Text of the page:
Op Ed: Bitcoin’s Konkin Effect
I have long been a voracious reader, a habit that I picked up from my father at a very early age. Over the years I’ve developed an appetite for libertarian-themed books as a means of further exploring my interests in sovereign living.
Recently, I began reading an autobiographical book entitled Mostly On The Edge by the libertarian anarchist Karl Hess. This led me to the work of libertarian theorist Samuel Edward Konkin III who was best known for his personal slant on anarcho-capitalism called Agorism. In my opinion, Konklin’s views offer an interesting set of perspectives relative to the genesis and evolution of Bitcoin.
The New Libertarian Manifesto, a book he published in 1980 helped popularize Agorism, espouses the advancement of voluntary exchange on the black market in order to create social change. Agorism, by the way, ensues from the Greek term agora, meaning “open marketplace.”
“Counter-economics” is the name Konkin gave to this type of activity, espousing the use of libertarian economic institutions and enterprises to upend the prevailing model of state intervention and control.
Agorists view this model as a form of nonviolent direct action, simultaneously circumventing state power, in the process of building a non-authoritarian world based on untethered voluntary exchange and personal sovereignty. Here counter-economics acknowledges a significant barrier to freedom that many of us already unwittingly fall prey to, namely, the endless set of rules, regulations, and licenses that strangle free markets and voluntaristic exchange.
With the growing popularity of Bitcoin, Konkin’s views have in more recent times experienced a revival. Many cryptocurrency advocates view today’s emerging digital ecosystem as sort of a counter-economy, one that holds great potential for altering and potentially supplanting the prevailing models of money.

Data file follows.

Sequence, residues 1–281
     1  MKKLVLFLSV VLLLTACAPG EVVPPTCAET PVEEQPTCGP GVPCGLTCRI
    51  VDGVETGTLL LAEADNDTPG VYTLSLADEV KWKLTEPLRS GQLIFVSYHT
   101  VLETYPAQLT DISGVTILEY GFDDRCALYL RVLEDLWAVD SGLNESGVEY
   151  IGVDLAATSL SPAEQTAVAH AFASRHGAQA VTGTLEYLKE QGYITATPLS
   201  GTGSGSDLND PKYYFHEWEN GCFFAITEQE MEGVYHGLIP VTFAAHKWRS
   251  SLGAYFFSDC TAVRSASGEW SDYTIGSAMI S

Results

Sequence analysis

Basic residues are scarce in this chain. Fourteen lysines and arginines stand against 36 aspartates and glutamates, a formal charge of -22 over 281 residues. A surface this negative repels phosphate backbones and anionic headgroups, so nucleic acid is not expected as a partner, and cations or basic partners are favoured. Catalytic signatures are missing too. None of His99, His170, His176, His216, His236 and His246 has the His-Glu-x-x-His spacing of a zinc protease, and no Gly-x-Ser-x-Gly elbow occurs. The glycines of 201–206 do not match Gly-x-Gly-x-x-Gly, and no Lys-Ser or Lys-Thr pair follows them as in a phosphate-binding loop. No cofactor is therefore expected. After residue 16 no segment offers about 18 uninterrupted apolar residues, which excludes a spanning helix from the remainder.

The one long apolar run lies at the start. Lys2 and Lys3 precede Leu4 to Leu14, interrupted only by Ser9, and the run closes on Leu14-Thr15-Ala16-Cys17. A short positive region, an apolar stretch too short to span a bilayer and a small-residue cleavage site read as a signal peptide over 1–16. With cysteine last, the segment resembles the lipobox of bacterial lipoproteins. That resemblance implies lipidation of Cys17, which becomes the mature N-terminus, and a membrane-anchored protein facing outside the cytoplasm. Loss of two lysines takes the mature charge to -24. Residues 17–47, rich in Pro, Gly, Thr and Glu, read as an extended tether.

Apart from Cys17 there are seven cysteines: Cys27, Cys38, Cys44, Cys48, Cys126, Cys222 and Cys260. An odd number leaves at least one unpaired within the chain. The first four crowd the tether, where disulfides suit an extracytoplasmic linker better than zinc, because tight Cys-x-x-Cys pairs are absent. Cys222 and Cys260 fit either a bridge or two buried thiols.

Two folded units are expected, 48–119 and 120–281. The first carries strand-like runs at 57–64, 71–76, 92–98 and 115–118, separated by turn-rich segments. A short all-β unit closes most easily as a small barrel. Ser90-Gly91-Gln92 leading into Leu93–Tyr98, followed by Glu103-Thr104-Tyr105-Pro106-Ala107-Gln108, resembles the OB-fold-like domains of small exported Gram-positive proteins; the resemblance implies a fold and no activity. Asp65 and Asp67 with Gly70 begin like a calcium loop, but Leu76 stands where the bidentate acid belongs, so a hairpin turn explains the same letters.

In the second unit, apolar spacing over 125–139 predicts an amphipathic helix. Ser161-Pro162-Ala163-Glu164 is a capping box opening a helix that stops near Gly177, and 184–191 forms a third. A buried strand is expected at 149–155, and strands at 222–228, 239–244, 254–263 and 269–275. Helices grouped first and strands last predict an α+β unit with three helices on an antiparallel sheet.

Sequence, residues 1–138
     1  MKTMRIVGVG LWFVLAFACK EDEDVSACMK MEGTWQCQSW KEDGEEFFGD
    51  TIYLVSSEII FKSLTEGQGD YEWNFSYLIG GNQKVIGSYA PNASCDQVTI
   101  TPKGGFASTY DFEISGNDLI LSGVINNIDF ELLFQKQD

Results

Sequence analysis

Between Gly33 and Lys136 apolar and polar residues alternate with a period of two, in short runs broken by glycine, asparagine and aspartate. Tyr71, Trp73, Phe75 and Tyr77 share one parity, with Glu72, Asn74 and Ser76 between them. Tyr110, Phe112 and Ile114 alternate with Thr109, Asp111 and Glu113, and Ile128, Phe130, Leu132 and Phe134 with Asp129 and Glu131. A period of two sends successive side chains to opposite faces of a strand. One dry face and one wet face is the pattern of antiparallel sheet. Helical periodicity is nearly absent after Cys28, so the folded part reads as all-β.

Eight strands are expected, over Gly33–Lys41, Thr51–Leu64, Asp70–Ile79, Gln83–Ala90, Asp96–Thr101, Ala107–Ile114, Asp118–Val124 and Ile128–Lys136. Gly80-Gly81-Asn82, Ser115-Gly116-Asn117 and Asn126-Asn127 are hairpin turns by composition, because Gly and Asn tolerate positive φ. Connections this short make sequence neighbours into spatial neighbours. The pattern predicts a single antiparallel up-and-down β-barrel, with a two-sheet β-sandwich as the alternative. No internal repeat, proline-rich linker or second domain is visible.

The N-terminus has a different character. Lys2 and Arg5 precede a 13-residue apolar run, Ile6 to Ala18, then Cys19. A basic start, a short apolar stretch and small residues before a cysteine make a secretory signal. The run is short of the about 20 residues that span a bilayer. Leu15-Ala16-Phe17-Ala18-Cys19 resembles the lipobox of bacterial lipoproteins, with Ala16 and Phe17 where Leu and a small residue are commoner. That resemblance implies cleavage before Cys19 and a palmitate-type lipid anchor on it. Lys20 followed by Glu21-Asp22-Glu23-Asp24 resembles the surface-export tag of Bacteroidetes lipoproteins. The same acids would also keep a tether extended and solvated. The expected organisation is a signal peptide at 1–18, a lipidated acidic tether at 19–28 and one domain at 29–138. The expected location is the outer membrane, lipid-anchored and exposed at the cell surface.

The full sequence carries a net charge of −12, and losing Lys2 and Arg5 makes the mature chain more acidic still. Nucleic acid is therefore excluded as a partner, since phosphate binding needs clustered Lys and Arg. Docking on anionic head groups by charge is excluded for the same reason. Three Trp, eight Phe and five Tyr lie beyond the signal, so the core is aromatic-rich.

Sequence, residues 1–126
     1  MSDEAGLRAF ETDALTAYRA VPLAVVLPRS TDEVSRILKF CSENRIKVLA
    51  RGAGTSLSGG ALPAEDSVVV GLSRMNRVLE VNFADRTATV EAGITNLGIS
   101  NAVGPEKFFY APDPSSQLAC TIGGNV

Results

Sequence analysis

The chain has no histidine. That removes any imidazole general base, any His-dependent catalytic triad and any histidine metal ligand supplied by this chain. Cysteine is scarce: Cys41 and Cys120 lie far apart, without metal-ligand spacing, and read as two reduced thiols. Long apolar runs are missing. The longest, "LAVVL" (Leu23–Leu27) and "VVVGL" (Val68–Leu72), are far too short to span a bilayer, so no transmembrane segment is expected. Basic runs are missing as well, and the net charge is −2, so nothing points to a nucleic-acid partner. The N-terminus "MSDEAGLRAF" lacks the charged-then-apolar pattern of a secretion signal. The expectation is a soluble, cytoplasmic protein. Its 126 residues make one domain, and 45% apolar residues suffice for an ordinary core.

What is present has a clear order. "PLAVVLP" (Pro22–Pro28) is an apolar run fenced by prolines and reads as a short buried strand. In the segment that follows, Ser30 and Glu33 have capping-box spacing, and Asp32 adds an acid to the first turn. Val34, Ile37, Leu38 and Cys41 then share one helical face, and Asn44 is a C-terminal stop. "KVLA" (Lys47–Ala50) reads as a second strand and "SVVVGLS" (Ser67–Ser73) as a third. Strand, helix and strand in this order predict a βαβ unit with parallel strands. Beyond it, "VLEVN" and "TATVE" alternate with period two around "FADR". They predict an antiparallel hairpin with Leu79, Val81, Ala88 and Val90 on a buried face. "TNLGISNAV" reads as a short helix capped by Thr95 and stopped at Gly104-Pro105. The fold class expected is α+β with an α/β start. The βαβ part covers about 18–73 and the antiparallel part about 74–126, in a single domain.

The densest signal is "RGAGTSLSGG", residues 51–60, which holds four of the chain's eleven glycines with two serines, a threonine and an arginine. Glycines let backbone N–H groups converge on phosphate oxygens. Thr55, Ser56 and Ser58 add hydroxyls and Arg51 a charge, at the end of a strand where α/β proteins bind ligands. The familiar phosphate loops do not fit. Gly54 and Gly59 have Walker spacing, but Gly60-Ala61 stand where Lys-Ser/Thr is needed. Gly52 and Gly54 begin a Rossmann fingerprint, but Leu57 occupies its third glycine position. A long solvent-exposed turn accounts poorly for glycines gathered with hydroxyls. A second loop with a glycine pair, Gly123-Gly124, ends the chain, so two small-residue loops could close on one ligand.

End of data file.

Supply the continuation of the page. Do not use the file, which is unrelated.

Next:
In short, The New Libertarian Manifesto seems to suggest that the growth of an underground economy outside of government control will eventually fuel statist attempts to initiate force against black markets to squash them. What’s interesting here is that black market economies have grown to the point to where governments are in an all-out war to harness their unrelenting growth and momentum.
By way of example, dark web sales have witnessed an explosion of interest since the conviction of Silk Road founder Ross Ulbricht, whose platform was best known for the sale of illegal drugs. This underscores the amazing capacity of the social order to manage itself amid attempts at authoritarian control.
While I do believe that online activities like identity theft and sex trafficking should be criminalized, victimless trade within grey and black markets of goods, services, and even ideas in my view should be given free reign as a means of creating wealth and opportunity.
The beauty of Bitcoin is that its decentralized nature allows freedom and voluntary exchange to prosper in an underground marketplace. As an alternative, digital, pseudonymous, and transferable store of value I believe it has the potential to eventually dismantle authoritarian power and centralized government systems throughout the world.